Euro telco giants unveil Open RAN labs in Germany and France

  • New lab opens in Germany focused on network disaggregation and Open RAN
  • Deutsche Telekom, Telefónica and Vodafone are part of the consortium behind the lab
  • In France, Orange dedicates new facility to Open RAN
  • Multiple vendors and test specialists involved, with Nokia prominent in both

Keen to back up their words with actions, four of Europe’s biggest telcos have put their names and resources behind two new collaborative lab facilities, one in Germany and the other in France, dedicated to Open RAN R&D.

In Germany, a consortium comprising the country’s three biggest network operators – Deutsche Telekom (lead role), Telefónica Deutschland and Vodafone Deutschland – and a group of vendors, researchers and test specialists have set up and are funding a new ‘open’ lab, dubbed i14y, that aims to accelerate the development of Open RAN and other disaggregated network architectures.

In France, the Orange Open RAN Integration Center, based at Orange Gardens in Châtillon, near Paris, has a host of vendor partners but doesn’t involve any other network operators: It has been granted Open Testing and Integration Center (OTIC) status by the O-RAN Alliance. 

Starting in Germany... The i14y lab, which is already up and running at Deutsche Telekom’s Innovation Campus Winterfeldtstraße, is being funded by a €17 million grant from the German Federal Ministry for Transport and Digital Infrastructure (BMVI), a sum that will be matched by investments from the consortium during the next three years. 

In addition to the three operators, the i14y consortium also includes: 

  • BISDN – Berlin-based software-defined networking specialist)
  • Capgemini Engineering – tech developer and integrator
  • EANTC – Berlin-based networking test specialist
  • Fraunhofer HHI (Heinrich Hertz Institute) – German institute for telecoms research
  • highstreet technologies – Berlin-based networking professional services firm
  • Nokia – major traditional RAN vendor that has long attached itself to the Open RAN movement 
  • Rohde & Schwarz – test and measurement systems vendor
  • The Technical University of Berlin – does what it says on the tin....

According to DT, the lab will have close ties with a number of relevant industry organizations, including the OCP (Open Compute Project), ONF (Open Networking Foundation), ONAP (Open Network Automation Platform), the O-RAN Alliance and the TIP (Telecom Infra Project). Some of the early deliverables for the lab might be as the host for multivendor interoperability plugfests organized by the O-RAN Alliance and TIP. 

Open RAN integration and interoperability testing will be the initial focus of the lab, with the aim of developing an “environment for end-to-end integration and performance testing and ultimately a market-ready certification,” noted DT. Ultimately, the aim is to make the lab’s capabilities available remotely via open APIs, in effect developing a Lab-as-a-Service, a move that would make it easier for the initial Berlin location to interact with i14y satellite facilities in Düsseldorf and Munich that are managed by Telefónica and Nokia.  

For the consortium partners, the i14y lab is part of the broader effort being undertaken by the signatories to the Open RAN MoU that was struck at the beginning of this year by Deutsche Telekom, Orange, Telefónica, TIM (Telecom Italia) and Vodafone: Those operators shared their Open RAN tech wish list in May and have pledged to do what they could to accelerate Open RAN developments and help to develop a European hotbed of next-generation networking innovation. As such, the lab is of “outstanding importance for the rapid development of a German and European ecosystem of system component providers, software suppliers and system integrators,” according to Deutsche Telekom, which is also progressing its own disaggregated mobile network plans with field trials in Neubrandenburg, which has been dubbed ‘O-RAN Town’ by the German operator giant. (See DT builds out its O-RAN Town, demos multi-vendor 5G slicing.)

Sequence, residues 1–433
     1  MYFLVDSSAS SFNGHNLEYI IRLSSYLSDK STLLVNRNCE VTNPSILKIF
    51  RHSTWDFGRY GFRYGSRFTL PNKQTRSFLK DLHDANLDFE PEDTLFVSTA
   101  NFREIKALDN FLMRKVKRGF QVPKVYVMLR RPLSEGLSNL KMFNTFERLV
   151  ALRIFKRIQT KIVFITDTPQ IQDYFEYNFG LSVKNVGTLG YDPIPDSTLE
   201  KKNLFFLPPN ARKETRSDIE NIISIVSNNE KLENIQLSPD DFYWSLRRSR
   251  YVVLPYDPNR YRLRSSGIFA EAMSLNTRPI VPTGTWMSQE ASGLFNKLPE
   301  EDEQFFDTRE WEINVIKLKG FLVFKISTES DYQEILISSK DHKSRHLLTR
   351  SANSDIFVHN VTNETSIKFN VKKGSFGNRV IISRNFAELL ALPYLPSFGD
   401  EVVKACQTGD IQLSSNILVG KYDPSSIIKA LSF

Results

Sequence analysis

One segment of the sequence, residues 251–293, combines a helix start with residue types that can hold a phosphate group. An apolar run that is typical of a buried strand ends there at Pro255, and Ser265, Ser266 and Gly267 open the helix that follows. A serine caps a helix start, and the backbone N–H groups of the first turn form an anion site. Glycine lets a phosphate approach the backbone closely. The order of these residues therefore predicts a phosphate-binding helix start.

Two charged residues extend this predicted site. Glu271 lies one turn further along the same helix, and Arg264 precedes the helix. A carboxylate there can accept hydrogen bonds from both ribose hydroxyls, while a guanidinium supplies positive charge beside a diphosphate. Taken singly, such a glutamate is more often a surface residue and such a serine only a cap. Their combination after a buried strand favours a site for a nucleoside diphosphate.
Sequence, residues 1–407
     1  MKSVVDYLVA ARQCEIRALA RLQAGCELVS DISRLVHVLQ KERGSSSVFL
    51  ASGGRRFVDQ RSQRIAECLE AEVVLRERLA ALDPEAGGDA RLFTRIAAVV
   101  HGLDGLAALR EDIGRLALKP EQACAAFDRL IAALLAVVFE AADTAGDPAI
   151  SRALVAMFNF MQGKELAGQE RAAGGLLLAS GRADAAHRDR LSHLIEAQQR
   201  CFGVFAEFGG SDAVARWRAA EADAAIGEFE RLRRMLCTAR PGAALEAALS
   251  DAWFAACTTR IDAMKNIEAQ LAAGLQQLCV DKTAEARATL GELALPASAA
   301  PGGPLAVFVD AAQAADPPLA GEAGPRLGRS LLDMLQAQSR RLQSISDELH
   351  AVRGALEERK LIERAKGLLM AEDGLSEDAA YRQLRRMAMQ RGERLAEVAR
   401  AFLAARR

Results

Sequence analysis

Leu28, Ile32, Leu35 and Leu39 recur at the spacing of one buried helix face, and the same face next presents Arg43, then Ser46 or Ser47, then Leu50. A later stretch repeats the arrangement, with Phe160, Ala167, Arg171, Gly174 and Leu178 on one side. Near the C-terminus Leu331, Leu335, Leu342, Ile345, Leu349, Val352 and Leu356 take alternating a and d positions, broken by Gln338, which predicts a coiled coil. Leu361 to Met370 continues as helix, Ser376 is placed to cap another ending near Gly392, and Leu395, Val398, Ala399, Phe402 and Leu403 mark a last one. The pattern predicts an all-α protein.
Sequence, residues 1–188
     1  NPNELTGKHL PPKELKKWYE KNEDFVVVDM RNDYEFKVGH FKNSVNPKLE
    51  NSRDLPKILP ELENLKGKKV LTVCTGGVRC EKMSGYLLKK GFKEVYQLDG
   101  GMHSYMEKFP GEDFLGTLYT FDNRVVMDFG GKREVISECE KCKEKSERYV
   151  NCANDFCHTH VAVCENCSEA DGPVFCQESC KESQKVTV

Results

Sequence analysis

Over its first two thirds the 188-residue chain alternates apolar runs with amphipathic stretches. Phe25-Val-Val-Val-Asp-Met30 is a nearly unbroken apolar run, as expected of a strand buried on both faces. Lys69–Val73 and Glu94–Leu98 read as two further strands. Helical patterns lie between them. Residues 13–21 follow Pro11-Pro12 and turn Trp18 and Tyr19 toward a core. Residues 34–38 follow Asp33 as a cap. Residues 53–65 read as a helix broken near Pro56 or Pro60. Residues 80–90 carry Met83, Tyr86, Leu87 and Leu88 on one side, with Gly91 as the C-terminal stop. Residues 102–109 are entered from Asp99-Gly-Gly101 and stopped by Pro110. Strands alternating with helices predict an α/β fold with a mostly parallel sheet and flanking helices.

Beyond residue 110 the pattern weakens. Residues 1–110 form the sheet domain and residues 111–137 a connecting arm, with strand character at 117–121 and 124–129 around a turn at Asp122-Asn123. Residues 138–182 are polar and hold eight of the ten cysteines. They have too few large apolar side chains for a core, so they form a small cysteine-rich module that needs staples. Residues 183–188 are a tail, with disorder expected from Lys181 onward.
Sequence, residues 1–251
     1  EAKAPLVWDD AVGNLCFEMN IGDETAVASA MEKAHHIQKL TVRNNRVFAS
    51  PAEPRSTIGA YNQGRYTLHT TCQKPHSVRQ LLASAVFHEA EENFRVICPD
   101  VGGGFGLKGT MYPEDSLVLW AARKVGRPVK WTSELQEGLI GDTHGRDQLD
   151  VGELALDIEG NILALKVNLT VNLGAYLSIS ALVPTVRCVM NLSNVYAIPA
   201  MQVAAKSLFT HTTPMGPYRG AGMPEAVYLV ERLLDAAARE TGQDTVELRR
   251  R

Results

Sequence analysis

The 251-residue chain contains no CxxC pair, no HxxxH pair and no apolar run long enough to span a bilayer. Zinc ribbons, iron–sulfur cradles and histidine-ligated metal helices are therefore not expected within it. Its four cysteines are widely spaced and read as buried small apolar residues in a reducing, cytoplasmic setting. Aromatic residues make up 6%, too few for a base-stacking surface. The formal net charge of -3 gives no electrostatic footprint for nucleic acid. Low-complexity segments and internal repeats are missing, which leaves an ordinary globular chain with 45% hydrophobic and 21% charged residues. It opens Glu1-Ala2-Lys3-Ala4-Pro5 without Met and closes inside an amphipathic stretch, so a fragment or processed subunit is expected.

Interestingly, the move comes only days after German MVNO 1&1 noted during its third quarter earnings announcement that it was due to start constructing its greenfield, Open RAN-based 5G network, with help from Rakuten Symphony,before the end of this year. 

In France, Orange is the only operator but is joined in its OTIC by a host of partners, namely:

Again, the focus is on enabling multivendor interoperability: Orange says that after years of being focused on technical specifications, it is now targeting the “development of interoperable, multi-vendor Open RAN technical solutions,” and it’s notable that as well as Nokia, Samsung is also involved as a RAN partner for the lab, which will also be accessible remotely. 

“With the creation of an Open RAN Integration Center, open to our partners worldwide, we want to accelerate the development of an open, intelligent, cloud-based RAN and create a rich Open RAN ecosystem in Europe. From 2025 onwards, our ambition is to deploy only Open RAN equipment across Europe " said Orange CTO Michaël Trabbia.

The work being undertaken at the labs in Germany and France is, of course, of vital importance to the development of the Open RAN sector in Europe, but as a TelecomTV poll conducted during our recent Open RAN Summit showed, while integration efforts are deemed to be of sigificant importance, overall total cost of ownership (TCO) models for Open RAN are what the industry would like to know more about. (See Open RAN community needs to focus on TCO models, RIC development: Poll results.)

- Ray Le Maistre, Editorial Director, TelecomTV

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